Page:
Is there a back-and-forth condition equivalent to elimination of the $\exists^\infty$ quantifier? (The question may not have much of a sense. Then, please, argue why.)

Background. For instance, the back-and-forth condition for elimination of (classical) quantifiers reads as follows. For every partial isomorphism $f:M\to N$ and every $a\in M$ there is $N'\succeq N$ and partial isomorphism $g:M\to N'$ that extends $f$ and is defined on $a$.

A theory $T$ eliminates the $\exists^\infty$ quantifier if for every partitioned$^{*}$ formula $\psi(x,y)$ there is an $n$ such that for all $m>n$, $\ T\ \vdash\ \exists^{\ge m}y\;\psi(x,y)\leftrightarrow\exists^{\ge n}y\;\psi(x,y)$.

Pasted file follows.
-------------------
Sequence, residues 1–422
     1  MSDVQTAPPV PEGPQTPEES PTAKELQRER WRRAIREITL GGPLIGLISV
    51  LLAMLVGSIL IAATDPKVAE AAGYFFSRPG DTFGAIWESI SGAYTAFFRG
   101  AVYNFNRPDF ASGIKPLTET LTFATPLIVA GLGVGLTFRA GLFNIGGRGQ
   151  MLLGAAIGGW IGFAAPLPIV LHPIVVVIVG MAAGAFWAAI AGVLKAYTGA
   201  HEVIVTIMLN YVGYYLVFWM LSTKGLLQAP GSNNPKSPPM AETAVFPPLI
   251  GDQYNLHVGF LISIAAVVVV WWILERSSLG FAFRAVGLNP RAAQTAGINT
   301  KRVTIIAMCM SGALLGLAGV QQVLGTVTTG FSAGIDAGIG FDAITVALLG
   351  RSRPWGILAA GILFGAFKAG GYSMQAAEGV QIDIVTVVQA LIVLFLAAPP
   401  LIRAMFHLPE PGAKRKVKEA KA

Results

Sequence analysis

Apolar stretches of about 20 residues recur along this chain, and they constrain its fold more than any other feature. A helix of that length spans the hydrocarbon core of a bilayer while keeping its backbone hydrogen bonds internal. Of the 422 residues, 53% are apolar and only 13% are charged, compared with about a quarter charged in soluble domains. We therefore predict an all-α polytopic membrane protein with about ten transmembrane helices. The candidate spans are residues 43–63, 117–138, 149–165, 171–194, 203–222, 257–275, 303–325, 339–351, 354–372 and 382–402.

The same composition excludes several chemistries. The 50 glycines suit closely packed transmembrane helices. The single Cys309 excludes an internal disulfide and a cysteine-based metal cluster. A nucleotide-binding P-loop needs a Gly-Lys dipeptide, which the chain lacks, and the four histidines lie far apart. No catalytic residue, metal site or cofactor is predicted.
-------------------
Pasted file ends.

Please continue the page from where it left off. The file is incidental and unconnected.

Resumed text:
($^{*}$) By partitioned formula I mean a formula and a pair of tuples of variables.

  • $\begingroup$ A "parted formula" is usually called a "partitioned formula". $\endgroup$ – Alex Kruckman Jun 14 '17 at 16:06
  • $\begingroup$ "Partitioned formula", indeed. $\endgroup$ – Primo Petri Jun 14 '17 at 16:23
  • $\begingroup$ Do you mean for all $m>n$? $\endgroup$ – user185596 Jun 15 '17 at 22:10
  • $\begingroup$ Yes. Thank you. $\endgroup$ – Primo Petri Jun 16 '17 at 6:56

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